Storyteller: Lauren Seamans
Extraordinary Circumstance: Williams syndrome
Book: Chasing Butterflies
Words by Dallas Graham
Design & Illustration by Tessa Rushton-Sanders
Photography by Kirstin Roper
Edited by Jeri Larsen
LAUREN SEAMANS is an endearingly vivacious, brave, and funny 17-year-old young woman living in Draper, Utah. She loves animals, friends, and dancing and has an affinity for music. Lauren was diagnosed with Williams Syndrome at the tender age of 6 years old. Williams syndrome (WS) is a genetic condition that is present at birth and can affect anyone. It is caused by the spontaneous deletion of 26-28 genes on chromosome #7. Williams syndrome is characterized by medical problems, including cardiovascular disease, developmental delays, and learning challenges. These often occur side-by-side with striking verbal abilities, highly social personalities, and an affinity for music. Lauren’s favorite thing to do is hang out with friends, listen and sing to her favorite songs, and, of course, EAT her favorite foods! The blessings she brings to this world have taught so many the importance of inclusion and acceptance of how much love and happiness is at the essence and fabric of those that are “off the beaten path.” Her wish is for more “typical” people to befriend more kids like her.
Read her book.
COPYRIGHT © 2019 BY DALLAS GRAHAM. ALL RIGHTS RESERVED. NO PART OF THIS BOOK MAY BE REPRODUCED IN ANY FORM BY ANY ELECTRONIC OR MECHANICAL MEANS INCLUDING PHOTOCOPYING, RECORDING, OR INFORMATION STORAGE AND RETRIEVAL WITHOUT PERMISSION IN WRITING FROM THE COPYRIGHT HOLDER.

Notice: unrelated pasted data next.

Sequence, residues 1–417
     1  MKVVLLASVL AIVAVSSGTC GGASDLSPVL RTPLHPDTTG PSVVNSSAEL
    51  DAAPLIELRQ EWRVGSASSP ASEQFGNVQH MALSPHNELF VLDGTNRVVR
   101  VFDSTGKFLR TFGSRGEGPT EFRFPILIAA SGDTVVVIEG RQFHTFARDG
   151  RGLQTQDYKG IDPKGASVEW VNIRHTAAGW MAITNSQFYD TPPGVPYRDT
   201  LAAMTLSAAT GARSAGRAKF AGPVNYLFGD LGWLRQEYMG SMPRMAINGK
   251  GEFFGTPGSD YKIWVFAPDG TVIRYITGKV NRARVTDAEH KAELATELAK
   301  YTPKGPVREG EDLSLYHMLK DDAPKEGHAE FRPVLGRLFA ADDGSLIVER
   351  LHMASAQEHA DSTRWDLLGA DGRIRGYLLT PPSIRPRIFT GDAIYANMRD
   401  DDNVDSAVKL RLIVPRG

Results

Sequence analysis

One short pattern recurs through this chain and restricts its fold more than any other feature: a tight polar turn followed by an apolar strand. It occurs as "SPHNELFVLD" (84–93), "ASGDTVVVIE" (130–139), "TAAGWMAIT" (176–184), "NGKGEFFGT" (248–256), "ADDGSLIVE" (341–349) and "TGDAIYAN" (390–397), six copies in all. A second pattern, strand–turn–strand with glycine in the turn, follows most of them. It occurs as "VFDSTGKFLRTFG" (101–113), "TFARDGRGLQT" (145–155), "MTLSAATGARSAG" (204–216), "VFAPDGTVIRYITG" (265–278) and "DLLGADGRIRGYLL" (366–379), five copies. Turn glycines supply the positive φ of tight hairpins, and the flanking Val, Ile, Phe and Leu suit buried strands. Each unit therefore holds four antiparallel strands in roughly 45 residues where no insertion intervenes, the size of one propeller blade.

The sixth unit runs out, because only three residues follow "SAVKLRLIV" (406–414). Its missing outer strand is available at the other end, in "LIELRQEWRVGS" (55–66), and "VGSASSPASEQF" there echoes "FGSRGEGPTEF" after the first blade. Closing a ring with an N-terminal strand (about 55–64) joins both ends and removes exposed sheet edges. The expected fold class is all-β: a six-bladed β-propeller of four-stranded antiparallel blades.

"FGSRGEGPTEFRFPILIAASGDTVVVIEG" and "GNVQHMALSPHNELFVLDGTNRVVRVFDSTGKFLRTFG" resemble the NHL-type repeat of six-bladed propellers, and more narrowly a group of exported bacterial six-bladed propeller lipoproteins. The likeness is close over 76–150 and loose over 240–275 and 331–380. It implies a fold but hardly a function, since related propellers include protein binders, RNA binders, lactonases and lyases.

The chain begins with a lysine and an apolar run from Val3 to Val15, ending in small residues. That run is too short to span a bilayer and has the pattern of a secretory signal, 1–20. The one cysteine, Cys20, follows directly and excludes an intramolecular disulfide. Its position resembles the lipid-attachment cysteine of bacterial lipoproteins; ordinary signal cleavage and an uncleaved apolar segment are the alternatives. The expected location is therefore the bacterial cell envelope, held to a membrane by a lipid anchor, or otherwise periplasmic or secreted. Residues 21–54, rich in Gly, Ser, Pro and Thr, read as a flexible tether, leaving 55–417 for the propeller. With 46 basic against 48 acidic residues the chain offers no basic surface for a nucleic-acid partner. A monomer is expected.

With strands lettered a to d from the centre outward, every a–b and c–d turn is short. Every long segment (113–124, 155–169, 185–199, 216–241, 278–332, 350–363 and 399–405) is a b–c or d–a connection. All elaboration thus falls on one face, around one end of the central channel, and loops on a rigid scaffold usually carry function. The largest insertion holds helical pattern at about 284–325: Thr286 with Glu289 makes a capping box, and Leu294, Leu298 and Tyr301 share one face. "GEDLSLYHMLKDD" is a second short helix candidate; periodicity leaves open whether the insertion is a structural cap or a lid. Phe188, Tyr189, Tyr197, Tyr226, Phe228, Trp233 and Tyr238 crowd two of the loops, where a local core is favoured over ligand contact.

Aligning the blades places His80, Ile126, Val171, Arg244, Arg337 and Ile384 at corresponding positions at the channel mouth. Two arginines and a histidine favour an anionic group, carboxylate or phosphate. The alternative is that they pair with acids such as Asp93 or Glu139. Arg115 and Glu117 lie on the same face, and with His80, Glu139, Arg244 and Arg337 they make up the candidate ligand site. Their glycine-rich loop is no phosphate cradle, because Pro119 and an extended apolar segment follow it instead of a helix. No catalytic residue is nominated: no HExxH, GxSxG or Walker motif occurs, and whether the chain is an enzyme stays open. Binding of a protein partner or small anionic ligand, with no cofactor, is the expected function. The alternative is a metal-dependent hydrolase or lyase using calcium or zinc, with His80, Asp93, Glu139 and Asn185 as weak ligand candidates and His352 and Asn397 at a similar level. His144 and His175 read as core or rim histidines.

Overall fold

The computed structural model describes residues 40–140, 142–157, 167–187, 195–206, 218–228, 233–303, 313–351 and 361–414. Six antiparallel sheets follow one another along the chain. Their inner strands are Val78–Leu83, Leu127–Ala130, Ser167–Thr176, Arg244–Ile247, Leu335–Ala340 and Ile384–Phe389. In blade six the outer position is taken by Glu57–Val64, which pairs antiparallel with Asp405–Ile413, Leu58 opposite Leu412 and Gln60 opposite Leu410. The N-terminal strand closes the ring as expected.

Williams syndrome is a rare genetic disorder that causes distinctive facial features and heart defects. Other features of Williams syndrome include mild intellectual disability, low muscle tone, anxiety, short stature, developmental delays, and an exceptionally friendly and outgoing personality.
People with Williams syndrome generally have a slightly lower life expectancy because of an increased risk of heart (cardiovascular) problems. The syndrome is linked to the microdeletion of certain genes present on chromosome 7. There are a total of 27 genes that, if deleted, can cause the disorder.
There is no cure for Williams syndrome. Treatment is mostly supportive and may include physical, developmental, and speech therapy, as well as close monitoring of cardiovascular health. Some patients need surgery to treat heart defects. People with Williams syndrome respond particularly well to music. Not only can music help relieve anxiety and support education, but patients are often skilled in pitch and rhythm.
If you would like to learn more about Williams syndrome, check out these useful resources:
RED FRED PROJECT WOULD LIKE TO THANK OUR FRIENDS AT PATIENT WORTHY FOR THEIR RESEARCH AND PARTICIPATION IN SHARING THIS VERY IMPORTANT INFORMATION WITH US REGARDING THIS EXTRAORDINARY CIRCUMSTANCE. YOU CAN LEARN MORE ABOUT THEIR WORK AT PATIENTYWORTHY.COM.